RSA-based Multiplicatively Homomorphic ${\displaystyle ~\Sigma }$-Equivocable Commitment

Let ${\displaystyle e}$ and ${\displaystyle e'}$ be two prime numbers ${\displaystyle s.t.2^{k}\leqslant e,e'\leqslant 2^{2k}}$ and ${\displaystyle e\leqslant e'/l}$ for some integer ${\displaystyle l}$ and let ${\displaystyle (n,d)}$ be output by ${\displaystyle KG_{sRSA}(k,e)}$. This assures that both ${\displaystyle (n,e)}$ and ${\displaystyle (n,e')}$ are safe RSA instances. We describe an efficient commitment scheme, which is computationally binding under the ${\displaystyle {\text{RSA}}(e')}$ assumption, has ${\displaystyle l-}$ restricted multiplicatively homomorphic property on message space ${\displaystyle {\mathcal {M}}=QR_{n}}$, and is ${\displaystyle ~\Sigma }$-equivocable for ${\displaystyle f(x)=x^{e}(modn)}$. Curiously, this commitment is statistically hiding only for the messages picked from a specific subset of the message space, but in our application of this commitment scheme to straight line simulatable ZKPK of ${\displaystyle e}$ -th root, standard hiding property is not necessary, and ${\displaystyle ~\Sigma }$-equivocability property for the above function is sufficient.

${\displaystyle {\text{CSetup}}(\kappa )}$: Pick prime numbers ${\displaystyle e}$ and ${\displaystyle e's.t.2^{k}\leqslant e,e'\leqslant 2^{2k}}$ and ${\displaystyle e\leqslant e'/l.}$ Run KG_{sRSA} on input ${\displaystyle (k,e)}$ to obtain ${\displaystyle (n,d)}$. Set ${\displaystyle {\text{cpar}}\leftarrow (n,e,e')}$.

${\displaystyle {\text{CKG}}(n,e,e')}$: Pick ${\displaystyle h{\xleftarrow {r}}QR_{n}{\text{and set}}K\leftarrow (n,e,e',h)}$. Note that it is easy to sample random elements in ${\displaystyle QR_{n}}$ by squaring a random element in ${\displaystyle Z_{n}^{*}}$.

${\displaystyle {\text{Com}}_{K}(m)}$:Pick ${\displaystyle r{\xleftarrow {r}}Z_{e}}$ and set ${\displaystyle C\leftarrow h^{r}m^{e'}}$ and ${\displaystyle D\leftarrow r}$. (Hence the decommitment space is ${\displaystyle Z_{e}}$.)

${\displaystyle {\text{Open}}_{K}(C,r,m)}$: Accept iff ${\displaystyle C=h^{r}m^{e'}}$ and ${\displaystyle 0\leqslant r.

${\displaystyle {\text{tdCKG}}((n,e,e'),{\dot {y}})}$: Pick \gamma \xleftarrow{r} [n] [/itex], and set ${\displaystyle h\leftarrow ({\dot {y}})^{\gamma e'},K\leftarrow (n,e,e',h)}$, and ${\displaystyle td\leftarrow (\gamma ,{\dot {y}})}$.

${\displaystyle {\text{tdCom}}_{K}(td)}$ :Picks ${\displaystyle {\xleftarrow {r}}Z_{e}}$ and return ${\displaystyle ({\tilde {C}},st)}$ where ${\displaystyle {\tilde {C}}=({\dot {y}})^{e's}}$ and ${\displaystyle st=s}$.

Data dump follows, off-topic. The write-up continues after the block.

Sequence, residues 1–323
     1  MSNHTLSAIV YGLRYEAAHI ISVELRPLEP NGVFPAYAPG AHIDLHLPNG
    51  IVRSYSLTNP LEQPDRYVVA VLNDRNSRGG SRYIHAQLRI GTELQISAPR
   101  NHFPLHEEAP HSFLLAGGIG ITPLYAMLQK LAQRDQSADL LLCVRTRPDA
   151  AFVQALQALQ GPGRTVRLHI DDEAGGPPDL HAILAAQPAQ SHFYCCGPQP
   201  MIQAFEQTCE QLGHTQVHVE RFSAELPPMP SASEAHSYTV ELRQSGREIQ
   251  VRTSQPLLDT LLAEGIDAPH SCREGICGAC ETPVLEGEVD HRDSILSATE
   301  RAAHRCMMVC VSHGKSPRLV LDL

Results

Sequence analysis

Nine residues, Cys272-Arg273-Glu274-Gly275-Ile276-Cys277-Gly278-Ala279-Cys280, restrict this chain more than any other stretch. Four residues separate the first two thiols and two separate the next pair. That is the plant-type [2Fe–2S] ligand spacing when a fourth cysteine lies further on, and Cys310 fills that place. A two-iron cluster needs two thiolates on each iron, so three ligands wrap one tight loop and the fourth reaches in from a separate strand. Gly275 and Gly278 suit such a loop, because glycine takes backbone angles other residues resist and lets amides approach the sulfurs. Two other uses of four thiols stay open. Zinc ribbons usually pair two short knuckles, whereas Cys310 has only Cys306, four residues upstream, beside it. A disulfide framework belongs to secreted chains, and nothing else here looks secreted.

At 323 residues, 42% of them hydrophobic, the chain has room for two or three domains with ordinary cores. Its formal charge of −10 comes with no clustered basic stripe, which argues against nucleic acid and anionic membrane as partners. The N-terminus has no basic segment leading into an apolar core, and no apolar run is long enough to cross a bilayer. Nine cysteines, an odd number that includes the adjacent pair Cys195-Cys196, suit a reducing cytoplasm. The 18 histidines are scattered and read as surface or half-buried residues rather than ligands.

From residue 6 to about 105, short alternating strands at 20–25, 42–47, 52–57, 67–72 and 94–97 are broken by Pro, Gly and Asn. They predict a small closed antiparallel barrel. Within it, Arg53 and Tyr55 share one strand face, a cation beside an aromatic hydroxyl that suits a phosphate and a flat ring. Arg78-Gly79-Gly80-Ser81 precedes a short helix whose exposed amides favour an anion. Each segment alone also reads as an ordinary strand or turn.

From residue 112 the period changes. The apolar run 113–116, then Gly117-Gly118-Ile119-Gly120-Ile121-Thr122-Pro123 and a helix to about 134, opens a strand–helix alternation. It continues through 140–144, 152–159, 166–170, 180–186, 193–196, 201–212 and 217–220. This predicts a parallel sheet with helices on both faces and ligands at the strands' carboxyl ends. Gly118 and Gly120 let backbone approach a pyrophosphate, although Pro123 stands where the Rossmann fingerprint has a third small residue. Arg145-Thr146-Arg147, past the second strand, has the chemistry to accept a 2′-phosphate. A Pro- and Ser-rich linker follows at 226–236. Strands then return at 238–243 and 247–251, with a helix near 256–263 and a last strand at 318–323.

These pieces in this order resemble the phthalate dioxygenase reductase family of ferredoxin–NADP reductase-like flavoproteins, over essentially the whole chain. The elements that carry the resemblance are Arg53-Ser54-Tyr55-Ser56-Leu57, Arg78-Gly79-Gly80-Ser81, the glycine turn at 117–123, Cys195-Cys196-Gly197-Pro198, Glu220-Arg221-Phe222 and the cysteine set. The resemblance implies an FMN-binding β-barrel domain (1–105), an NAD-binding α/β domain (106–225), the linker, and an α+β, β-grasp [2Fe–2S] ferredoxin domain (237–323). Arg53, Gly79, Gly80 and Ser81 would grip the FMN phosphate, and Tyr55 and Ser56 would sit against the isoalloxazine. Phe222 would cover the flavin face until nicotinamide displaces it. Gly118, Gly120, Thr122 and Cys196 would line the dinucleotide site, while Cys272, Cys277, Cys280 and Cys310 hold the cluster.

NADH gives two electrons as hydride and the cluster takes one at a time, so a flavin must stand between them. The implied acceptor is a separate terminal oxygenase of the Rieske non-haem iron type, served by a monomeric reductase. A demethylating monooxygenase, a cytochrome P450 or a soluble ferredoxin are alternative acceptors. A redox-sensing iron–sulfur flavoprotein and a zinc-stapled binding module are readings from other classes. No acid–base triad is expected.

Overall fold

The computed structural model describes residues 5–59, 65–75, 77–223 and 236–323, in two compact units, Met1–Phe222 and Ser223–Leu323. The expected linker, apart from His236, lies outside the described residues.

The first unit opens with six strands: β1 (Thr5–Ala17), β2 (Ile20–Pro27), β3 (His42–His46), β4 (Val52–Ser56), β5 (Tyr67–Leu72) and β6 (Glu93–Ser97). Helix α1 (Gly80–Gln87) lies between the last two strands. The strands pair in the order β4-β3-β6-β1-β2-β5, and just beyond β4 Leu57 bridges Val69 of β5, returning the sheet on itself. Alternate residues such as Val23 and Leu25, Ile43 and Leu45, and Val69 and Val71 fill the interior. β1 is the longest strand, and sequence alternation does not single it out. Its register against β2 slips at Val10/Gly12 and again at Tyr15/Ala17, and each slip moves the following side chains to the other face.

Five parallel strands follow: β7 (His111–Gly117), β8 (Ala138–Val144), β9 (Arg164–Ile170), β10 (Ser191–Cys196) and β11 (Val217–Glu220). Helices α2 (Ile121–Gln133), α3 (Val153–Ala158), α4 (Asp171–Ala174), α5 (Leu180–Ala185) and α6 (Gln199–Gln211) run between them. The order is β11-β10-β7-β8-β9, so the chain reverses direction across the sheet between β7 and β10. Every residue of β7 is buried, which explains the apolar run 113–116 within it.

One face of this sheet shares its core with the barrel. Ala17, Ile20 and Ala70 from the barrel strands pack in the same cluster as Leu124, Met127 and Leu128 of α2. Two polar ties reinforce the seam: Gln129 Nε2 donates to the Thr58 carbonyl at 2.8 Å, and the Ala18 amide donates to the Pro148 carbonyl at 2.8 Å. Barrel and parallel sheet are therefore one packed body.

${\displaystyle {\text{RstEquiv}}_{K}(td,st,c,\delta )}$: Compute ${\displaystyle r=(s+c)\gamma ^{-1}(mode)}$ and ${\displaystyle i=(s+c-\gamma r)/e}$ (over integers) and return ${\displaystyle (r,z)}$ where ${\displaystyle z=({\dot {y}})^{i}(\delta )^{c}}$.

Statistical Hiding: This commitment scheme is ${\displaystyle \epsilon }$-hiding for the messages picked from ${\displaystyle {\tilde {\mathcal {M}}}\in QR_{n}}$ where ${\displaystyle {\tilde {\mathcal {M}}}=\{h^{i(e')^{-1}}|i\in [\epsilon _{E}/2]\}}$ and ${\displaystyle h}$ is determined by the commitment key. To argue this note that the maximum statistical difference between the distributions of the commitments to ${\displaystyle m_{0},m_{1}\in {\tilde {\mathcal {m}}}}$ happens when they correspond to ${\displaystyle i=0}$ and ${\displaystyle i=\epsilon _{E}/2}$ respectively. This way the distributions of the commitments would be ${\displaystyle \{h^{r}\}_{r{\xleftarrow {r}}[e]}}$ and ${\displaystyle \{h^{r+\epsilon e/2}\}_{r{\xleftarrow {r}}[e]}}$ respectively which has a statistical difference equal to ${\displaystyle \epsilon }$.

Computational Binding: This commitment scheme is ${\displaystyle (t,\epsilon )}$-binding if RSA(${\displaystyle e'}$) problem is ${\displaystyle (t,\epsilon )}$-hard. Indeed given the challenge ${\displaystyle (n,e',h)}$, one can use the attacker on binding to find the ${\displaystyle e'}$-th root of ${\displaystyle h}$. The reduction runs the binding attacker to obtain ${\displaystyle (C,r,m,r',m')s.t.{\text{Open}}_{K}(C,r,m)={\text{Open}}_{K}(C,r',m')=1}$ and ${\displaystyle m\neq m'}$. Since ${\displaystyle C=h^{r}m^{e'}=h^{r'}m'^{e'}}$ it follows that ${\displaystyle h^{r-r'}=(m'/m)^{e'}}$. Now since ${\displaystyle r,r', then ${\displaystyle gcd(e',r-r')=1}$ and using extended Euclidian algorithm one can compute ${\displaystyle \alpha ,\beta s.t.\alpha (r-r')+\beta e'=1}$. Thus ${\displaystyle h=h^{\alpha (r-r')+\beta e'}=((m'/m)^{\alpha }h^{\beta })e'}$ and ${\displaystyle e'}$-th root of ${\displaystyle h}$ can be computed as ${\displaystyle (m'/m)^{\alpha }h^{\beta }}$.